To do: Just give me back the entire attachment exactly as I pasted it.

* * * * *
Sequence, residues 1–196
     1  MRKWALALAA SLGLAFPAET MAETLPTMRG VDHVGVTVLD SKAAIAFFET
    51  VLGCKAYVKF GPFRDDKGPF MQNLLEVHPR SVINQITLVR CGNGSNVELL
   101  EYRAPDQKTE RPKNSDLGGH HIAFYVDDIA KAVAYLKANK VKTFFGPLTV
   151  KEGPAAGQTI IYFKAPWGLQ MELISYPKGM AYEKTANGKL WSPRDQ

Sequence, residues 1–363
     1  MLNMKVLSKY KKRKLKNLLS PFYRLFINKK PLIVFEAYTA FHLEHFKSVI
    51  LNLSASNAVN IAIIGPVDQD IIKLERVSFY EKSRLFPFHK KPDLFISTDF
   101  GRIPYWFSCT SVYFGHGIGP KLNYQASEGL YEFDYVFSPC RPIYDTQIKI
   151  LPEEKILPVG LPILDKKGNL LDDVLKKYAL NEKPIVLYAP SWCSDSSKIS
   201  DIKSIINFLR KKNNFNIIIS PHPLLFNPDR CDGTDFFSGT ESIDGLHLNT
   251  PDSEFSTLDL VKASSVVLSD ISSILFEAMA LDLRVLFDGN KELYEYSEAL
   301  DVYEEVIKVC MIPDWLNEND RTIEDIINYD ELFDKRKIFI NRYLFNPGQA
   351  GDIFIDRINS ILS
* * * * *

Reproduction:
Sequence, residues 1–196
     1  MRKWALALAA SLGLAFPAET MAETLPTMRG VDHVGVTVLD SKAAIAFFET
    51  VLGCKAYVKF GPFRDDKGPF MQNLLEVHPR SVINQITLVR CGNGSNVELL
   101  EYRAPDQKTE RPKNSDLGGH HIAFYVDDIA KAVAYLKANK VKTFFGPLTV
   151  KEGPAAGQTI IYFKAPWGLQ MELISYPKGM AYEKTANGKL WSPRDQ

Sequence, residues 1–363
     1  MLNMKVLSKY KKRKLKNLLS PFYRLFINKK PLIVFEAYTA FHLEHFKSVI
    51  LNLSASNAVN IAIIGPVDQD IIKLERVSFY EKSRLFPFHK KPDLFISTDF
   101  GRIPYWFSCT SVYFGHGIGP KLNYQASEGL YEFDYVFSPC RPIYDTQIKI
   151  LPEEKILPVG LPILDKKGNL LDDVLKKYAL NEKPIVLYAP SWCSDSSKIS
   201  DIKSIINFLR KKNNFNIIIS PHPLLFNPDR CDGTDFFSGT ESIDGLHLNT
   251  PDSEFSTLDL VKASSVVLSD ISSILFEAMA LDLRVLFDGN KELYEYSEAL
   301  DVYEEVIKVC MIPDWLNEND RTIEDIINYD ELFDKRKIFI NRYLFNPGQA
   351  GDIFIDRINS ILS